Thieves that try to steal other people's identities have showed their opportunism before by targeting those affected by major natural disasters. Now they're moving on to attacking consumers with diabetes.
According to a report from the Mississippi Attorney General's office, this new wave of attacks against people with diabetes is effective for several reasons. They first started happening in Mississippi, and thieves posed as representatives of either the Diabetes Foundation of Mississippi or the American Diabetes Association. Thieves would call only those they knew had the disease, and ask for information related to personal and financial identity, like a Social Security number, dates of birth and credit card information.
Both the organizations that these criminals claim to represent have reported complaints to the Consumer Protection Division of the Mississippi Attorney General's Office, which said that no organization of this type would initiate a phone call like this. Legitimate groups never ask consumers to provide, update or confirm sensitive information over the phone, and consumers should make sure to contact such groups prior to turning over information to anyone claiming to represent them.
"Unfortunately, scam artists will often use the name of reputable organization to lure consumers into thinking they are dealing with a familiar organization," said Attorney General Jim Hood. "Because of this, we continue to urge consumers to use caution before acting on unsolicited emails, voice mails, text messages or phone calls requesting personal information. Educating our consumers is one of the most important actions we can take to combat scams like this one."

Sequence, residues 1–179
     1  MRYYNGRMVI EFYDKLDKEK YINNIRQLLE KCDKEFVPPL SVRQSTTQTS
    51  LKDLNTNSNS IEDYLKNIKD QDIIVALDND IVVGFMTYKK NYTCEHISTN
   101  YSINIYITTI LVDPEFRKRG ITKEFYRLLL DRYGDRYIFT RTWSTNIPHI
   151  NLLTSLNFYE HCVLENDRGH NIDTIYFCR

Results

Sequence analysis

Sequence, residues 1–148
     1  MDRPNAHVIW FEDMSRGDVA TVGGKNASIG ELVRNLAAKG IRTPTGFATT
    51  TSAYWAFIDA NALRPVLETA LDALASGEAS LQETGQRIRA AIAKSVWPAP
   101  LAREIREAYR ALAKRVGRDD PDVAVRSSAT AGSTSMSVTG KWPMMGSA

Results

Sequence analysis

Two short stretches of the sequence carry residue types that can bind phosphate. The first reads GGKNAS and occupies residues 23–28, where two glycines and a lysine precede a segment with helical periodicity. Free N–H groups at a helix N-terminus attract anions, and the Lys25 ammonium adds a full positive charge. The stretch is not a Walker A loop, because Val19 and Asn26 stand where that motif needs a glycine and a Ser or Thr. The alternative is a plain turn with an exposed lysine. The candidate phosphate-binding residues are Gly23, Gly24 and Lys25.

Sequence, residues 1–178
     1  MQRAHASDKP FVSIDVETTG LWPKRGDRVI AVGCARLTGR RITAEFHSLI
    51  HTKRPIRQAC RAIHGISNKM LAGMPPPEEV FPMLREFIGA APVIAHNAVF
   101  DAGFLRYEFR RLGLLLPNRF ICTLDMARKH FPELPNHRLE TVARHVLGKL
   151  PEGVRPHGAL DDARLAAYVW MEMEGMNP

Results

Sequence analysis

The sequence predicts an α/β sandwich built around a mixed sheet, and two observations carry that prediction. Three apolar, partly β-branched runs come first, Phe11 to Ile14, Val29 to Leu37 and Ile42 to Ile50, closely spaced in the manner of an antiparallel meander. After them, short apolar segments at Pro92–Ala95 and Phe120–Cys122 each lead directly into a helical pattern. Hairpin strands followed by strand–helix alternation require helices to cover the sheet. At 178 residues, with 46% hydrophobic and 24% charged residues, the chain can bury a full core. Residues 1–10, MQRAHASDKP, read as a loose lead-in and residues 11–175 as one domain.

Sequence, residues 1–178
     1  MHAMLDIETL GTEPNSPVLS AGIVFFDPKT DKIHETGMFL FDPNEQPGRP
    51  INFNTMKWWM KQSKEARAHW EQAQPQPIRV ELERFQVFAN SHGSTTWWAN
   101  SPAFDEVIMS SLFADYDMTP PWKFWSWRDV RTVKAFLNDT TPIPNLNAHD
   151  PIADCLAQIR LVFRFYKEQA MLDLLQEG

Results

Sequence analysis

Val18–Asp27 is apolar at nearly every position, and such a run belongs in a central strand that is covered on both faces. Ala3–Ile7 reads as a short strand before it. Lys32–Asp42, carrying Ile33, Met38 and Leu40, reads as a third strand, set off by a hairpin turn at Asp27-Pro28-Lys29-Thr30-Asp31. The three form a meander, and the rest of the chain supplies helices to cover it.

The Attorney General's Office urged any consumer who thinks they may have unwittingly fallen for this scam to contact them so that they can gain more information about how the identity thieves operate.
According to a recent report in the Insurance Journal, identity thieves have also been calling Americans with a disability or disease and representing themselves as salesmen from bogus health insurance companies. These thieves prey upon consumers' worry that they won't be able to find proper health coverage, especially if they have a pre-existing condition. This, the report said, has been a growing problem that was first seen two and a half years ago. Nearly 60 percent of state fraud bureaus have seen a sharp rise since fake health plans in that time.